The project was clearly a winner. At every juncture, by almost every measure, the Perry preschoolers fared better than those who missed out on the early education. They earned better grades, made less use of welfare and committed fewer crimes.
Two-thirds of the Perry preschoolers graduated from a regular high school, compared to 45 percent of the others. Fewer repeated a class or were referred to special education. Thirty-six percent of the Perry preschoolers had been arrested five or more times by age 40, versus 55 percent of a control group.
The reduced crime largely explains why economists have calculated that, even though more than $15,000 in current dollars was spent over two years on the education of each Perry preschooler, society has recouped 17 times that, or more than $250,000. The earnings of the Perry students were higher, more were employed, and more owned their own home and a car. They were even more likely to have a savings account.
Today the celebrated Perry Preschool Project has been buttressed by other research.
The Chicago Parent-Child Center Study, one notable example, began providing an enriched early education to low-income Chicago children in 1966. Comprehensive educational and family-support services were given to 989 children starting at age 3 and continued until the children reached 9. The children were compared to a sample of 550 eligible children who enrolled in all-day kindergarten but did not receive the preschool services and follow-up.
Another initiative, the Abecedarian study, has followed 111 children in rural North Carolina born in 1972 and given services starting from infancy.
Both of these studies have also shown solid returns. Fewer children required special education, more graduated from high school, fewer committed crimes, and as a group they have enjoyed higher earnings. The impact of these and other early childhood studies has been magnified by the emergence of research demonstrating how rapidly the brain develops in very young children and how important a stimulating environment is to that development.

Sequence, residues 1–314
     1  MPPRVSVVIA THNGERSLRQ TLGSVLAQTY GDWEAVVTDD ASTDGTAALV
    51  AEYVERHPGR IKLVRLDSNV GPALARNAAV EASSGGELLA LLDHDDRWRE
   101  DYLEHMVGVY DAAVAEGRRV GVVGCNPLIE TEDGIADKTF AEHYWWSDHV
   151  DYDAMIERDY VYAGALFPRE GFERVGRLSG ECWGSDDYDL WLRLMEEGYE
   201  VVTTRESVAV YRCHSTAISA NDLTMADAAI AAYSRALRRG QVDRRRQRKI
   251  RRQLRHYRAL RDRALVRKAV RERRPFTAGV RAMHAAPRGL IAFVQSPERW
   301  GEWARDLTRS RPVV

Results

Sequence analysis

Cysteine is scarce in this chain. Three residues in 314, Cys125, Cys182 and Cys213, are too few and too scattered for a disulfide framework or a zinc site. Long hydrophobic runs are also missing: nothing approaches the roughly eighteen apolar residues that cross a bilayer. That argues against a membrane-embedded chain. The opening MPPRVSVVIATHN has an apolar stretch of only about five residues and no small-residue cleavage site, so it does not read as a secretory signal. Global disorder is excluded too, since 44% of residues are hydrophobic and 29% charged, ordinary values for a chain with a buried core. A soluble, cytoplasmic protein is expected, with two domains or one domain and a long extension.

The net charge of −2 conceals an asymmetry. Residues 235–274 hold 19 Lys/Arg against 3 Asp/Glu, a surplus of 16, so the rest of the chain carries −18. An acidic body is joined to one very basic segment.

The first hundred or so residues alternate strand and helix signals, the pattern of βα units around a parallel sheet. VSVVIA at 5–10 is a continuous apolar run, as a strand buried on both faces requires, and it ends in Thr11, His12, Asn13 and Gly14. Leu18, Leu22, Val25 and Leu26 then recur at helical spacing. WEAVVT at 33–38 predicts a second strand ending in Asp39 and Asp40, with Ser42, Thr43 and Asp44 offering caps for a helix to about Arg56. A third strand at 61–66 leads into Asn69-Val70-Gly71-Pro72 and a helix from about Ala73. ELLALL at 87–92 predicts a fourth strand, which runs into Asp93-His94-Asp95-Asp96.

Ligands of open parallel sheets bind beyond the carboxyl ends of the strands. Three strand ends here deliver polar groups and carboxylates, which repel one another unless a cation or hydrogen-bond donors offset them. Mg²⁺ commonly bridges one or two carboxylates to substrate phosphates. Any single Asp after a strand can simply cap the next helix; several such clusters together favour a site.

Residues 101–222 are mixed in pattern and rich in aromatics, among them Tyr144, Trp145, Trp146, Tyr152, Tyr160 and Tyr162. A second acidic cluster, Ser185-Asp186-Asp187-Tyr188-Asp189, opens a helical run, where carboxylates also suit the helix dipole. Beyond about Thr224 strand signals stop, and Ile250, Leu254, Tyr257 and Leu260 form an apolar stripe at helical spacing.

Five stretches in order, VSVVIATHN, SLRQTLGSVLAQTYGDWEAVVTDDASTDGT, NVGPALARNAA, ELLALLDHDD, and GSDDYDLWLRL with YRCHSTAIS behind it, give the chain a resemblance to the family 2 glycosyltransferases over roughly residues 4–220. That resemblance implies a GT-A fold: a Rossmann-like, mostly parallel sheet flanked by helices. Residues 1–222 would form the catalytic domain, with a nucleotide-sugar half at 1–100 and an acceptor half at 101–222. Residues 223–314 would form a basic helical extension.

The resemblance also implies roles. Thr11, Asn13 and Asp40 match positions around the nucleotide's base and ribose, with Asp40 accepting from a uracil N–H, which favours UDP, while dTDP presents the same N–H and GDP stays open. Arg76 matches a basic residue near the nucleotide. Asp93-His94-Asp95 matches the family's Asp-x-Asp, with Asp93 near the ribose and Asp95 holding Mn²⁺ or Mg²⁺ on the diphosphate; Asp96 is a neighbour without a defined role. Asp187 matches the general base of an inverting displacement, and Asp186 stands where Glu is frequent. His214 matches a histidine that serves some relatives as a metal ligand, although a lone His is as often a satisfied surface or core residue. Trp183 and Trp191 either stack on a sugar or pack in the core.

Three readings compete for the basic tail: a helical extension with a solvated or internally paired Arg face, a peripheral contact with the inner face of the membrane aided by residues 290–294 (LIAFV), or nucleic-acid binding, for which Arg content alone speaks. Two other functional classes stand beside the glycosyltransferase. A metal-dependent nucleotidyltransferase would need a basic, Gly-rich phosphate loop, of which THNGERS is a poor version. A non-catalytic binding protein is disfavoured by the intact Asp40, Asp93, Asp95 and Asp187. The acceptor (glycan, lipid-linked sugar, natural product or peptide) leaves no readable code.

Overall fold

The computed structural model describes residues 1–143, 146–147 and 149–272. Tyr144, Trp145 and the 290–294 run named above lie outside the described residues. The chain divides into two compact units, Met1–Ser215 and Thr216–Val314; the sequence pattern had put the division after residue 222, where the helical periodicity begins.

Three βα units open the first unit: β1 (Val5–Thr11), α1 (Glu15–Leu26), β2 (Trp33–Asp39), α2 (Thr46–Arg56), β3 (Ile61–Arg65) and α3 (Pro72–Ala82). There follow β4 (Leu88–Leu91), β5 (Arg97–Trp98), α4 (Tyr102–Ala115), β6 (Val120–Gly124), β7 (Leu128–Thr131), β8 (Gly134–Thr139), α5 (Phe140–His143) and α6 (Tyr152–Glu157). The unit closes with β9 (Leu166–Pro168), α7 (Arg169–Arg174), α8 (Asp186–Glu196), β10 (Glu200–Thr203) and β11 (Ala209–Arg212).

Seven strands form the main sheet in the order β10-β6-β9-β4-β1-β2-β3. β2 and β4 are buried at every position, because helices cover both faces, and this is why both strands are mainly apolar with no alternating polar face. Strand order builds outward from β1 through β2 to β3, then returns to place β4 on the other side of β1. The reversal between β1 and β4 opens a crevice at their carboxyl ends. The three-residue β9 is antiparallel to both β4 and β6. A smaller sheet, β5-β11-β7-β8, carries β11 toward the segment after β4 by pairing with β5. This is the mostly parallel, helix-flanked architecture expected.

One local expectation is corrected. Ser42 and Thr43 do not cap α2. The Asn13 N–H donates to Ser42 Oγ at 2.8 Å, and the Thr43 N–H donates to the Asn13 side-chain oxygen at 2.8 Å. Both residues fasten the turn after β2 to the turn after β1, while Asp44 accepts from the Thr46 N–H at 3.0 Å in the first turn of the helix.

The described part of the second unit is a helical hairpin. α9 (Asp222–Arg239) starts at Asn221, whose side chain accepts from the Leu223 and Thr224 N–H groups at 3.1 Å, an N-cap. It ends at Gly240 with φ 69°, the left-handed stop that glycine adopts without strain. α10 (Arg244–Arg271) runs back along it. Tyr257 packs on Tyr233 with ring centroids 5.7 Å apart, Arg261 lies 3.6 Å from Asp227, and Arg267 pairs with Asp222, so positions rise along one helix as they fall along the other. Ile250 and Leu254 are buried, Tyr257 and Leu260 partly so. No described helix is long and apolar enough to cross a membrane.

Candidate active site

States have caught on. Georgia and Oklahoma have led the way in offering voluntary prekindergarten education to all four-year-olds, and Florida recently launched its own initiative, three years after voters added to the state constitution the promise of “a highquality prekindergarten learning opportunity” for every four-year-old.
The push for improved early childhood education has picked up support across party lines, with such gubernatorial champions as Rod R. Blagojevich (Illinois-R), Jeb Bush (Florida-R), Tim Kaine (Virginia-D) and Tom Vilsack (Iowa-D). In 2004, 15 states increased spending on preschool, by over $200 million; in 2005, 26 states did so, by over $600 million, giving this opportunity to 120,000 more children. And of those 26 states, half were led by Republican governors, half by Democratic ones.
This movement has been advanced by The Pew Charitable Trusts, other foundations, such as the Foundation for Child Development and the David and Lucile Packard Foundation, and private-sector firms, such as PNC Financial Services Group, that have funded a host of early education research and public-education efforts. The Trusts has invested more than $40 million to show the benefits of early education; and the Trustssupported National Institute for Early Education Research at Rutgers University, Fight Crime: Invest in Kids, and the Washington-based advocacy organization Pre-K Now are particularly savvy and influential.
The Committee for Economic Development, representing business and education leaders, called for universal preschool education in 2002, and the Council of Chief State School Officers supports the effort as well.
As vital as they are, the benefits of preschool extend beyond the positive impact on children. Research has also found relationships between investments in preschool and sustained economic development.